Sinbad is a story teller who weaves great adventures about - himself. Whether they are true or not, no one knows. For this is the story of the eight adventures of Sinbad - as told by Sinbad... See full summary »
Douglas Fairbanks Jr.,
Karen Harrison is a spoiled, rich, American predator who falls head-over-heels for the brooding, tormented, about-to-retire matador, Luis Santos who has inexplicably run away prior to a ... See full summary »
In Wyoming Territory, a range war is brewing between entrenched cattle barons and new settlers. Cattle king Reece Duncan is opposed by ambitious gambler Jim Averell, who imports his old ... See full summary »
Former buffalo hunter and entrepreneur Wyatt Earp arrives in the lawless cattle town of Wichita Kansas. His skill as a gun-fighter make him a perfect candidate for Marshal but he refuses ... See full summary »
A Bedouin princess returns to Bagdad after being educated in England, only to find that her father has been treacherously murdered by the head of the Black Robes, a group of renegades. She ... See full summary »
An actress, Julie Beck, finds out that she is ill and has only a short time to live. She becomes taken with Hitty, a young orphan prone to dreaming. Julie soon decides to adopt the child so... See full summary »
A fictionalized account of the life of William F. "Buffalo Bill" Cody. A hunter and Army Scout in the early part of his life, he rescues a US Senator and his beautiful daughter, Louisa Frederici. Cody is portrayed as someone who admires and respects the Indians and is a good friend of Yellow Hand who will eventually become Chief of the Cheyenne. Everyone else, including the military, politicians and businessmen on the other hand hate the Indians and are perfectly prepared to trample on their lands and destroy their buffalo hunting grounds. He's eventually forced to fight the Cheyenne however. He's also met a writer, Ned Buntline, who writes about Cody's exploits and he becomes a sensation when he travels East. His career is not assured however, particularly when he attacks those in positions of authority over their maltreatment of the Native American population. He eventually establishes his wild west show that becomes an international sensation. Written by
Much of Cody's life as depicted in the film was true: He did fight to the death with Chief Yellow Hand and he did receive the Congressional Medal of Honor (although it was rescinded in 1917 because he was not in the army); his son, Kit Carson Cody, did die (but of scarlet fever, not diphtheria); his wife (not the daughter of a senator) had three other children. See more »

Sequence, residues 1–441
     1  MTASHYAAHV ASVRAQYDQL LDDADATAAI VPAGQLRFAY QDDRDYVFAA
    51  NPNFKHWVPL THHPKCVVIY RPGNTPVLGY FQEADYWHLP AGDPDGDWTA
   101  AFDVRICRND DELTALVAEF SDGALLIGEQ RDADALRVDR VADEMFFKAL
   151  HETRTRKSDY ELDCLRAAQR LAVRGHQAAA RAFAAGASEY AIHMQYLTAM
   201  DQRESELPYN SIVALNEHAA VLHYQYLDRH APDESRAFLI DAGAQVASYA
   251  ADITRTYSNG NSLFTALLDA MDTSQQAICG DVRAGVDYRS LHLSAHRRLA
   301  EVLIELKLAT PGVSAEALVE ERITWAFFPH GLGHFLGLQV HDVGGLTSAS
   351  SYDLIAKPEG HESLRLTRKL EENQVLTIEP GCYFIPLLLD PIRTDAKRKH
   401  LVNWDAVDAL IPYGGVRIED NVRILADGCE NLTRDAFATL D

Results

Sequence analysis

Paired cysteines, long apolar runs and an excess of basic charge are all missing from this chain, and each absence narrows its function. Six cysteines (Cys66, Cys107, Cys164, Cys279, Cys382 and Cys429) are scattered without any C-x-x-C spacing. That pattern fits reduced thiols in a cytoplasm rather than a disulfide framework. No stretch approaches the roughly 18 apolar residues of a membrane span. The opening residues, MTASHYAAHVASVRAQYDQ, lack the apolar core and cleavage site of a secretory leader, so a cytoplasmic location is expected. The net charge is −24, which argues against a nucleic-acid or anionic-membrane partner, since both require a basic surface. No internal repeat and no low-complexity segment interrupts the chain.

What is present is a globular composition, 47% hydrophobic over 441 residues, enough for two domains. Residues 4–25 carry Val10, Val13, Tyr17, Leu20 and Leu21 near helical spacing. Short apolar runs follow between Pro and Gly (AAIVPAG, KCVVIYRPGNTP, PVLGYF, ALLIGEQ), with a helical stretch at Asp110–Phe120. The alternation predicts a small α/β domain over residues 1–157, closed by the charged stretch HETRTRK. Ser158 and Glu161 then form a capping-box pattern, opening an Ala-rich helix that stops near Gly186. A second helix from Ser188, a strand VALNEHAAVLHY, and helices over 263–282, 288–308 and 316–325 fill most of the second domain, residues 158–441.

When Bill receives the letter regarding his son's illness the letter is dated the 20th of Aug. and after that date he receives an invitation for an event dated Aug. 15. See more »
Not quite as inaccurate as most biopics of the day.
"Buffalo Bill" is a highly romanticized picture of 'Buffalo' Bill Cody. While IMDb is correct that most of the things in this biopic are actually based on Cody's real-life exploits, most of the relationship between him and his wife was pure hooey. Sadly, there was no great love in Cody's life--or if there was, it wasn't his wife! Most of their life was spent apart by his choice--and there were other women in his life. But, this image of Bill would not have gotten past censors back in 1944, so the studio fictionalized this aspect of his life. The rest, however, is reasonably accurate--something that surprised me as I watched the film. He was a scout for the US Army in the west, he fought in the Indian wars and he did start up an incredibly successful Wild West Show.
Another aspect of the film that struck me was its treatment of the American Indians--particularly the Cheyenne. It was odd, as the major roles of the 'Indians' were played by Linda Darnell and Anthony Quinn!!! This insensitivity was pretty much the way American Indians were portrayed in American films through the 1950s. HOWEVER, despite this insensitivity, the film did correctly assert that the Indian wars were forced on these people due to how they were treated by the government. And, in this way, the film was much more balanced than many westerns of the day.
Overall, a somewhat inaccurate film that looked nice and featured the excellent acting, as usual, by Joel McCrea. Worth seeing--just not exactly the Gospel! And, the final line of the film might make you throw up--so when that little kid in the audience stands up, PLUG YOUR EARS!!!
By the way, the film made one HUGE mistake. General Sherman NEVER said "The only good Indian is a dead Indian". This quote was actually from General Sheridan--though it's not exactly what he said. When he was asked what a good Indian was like, he said very succinctly "...a dead one".
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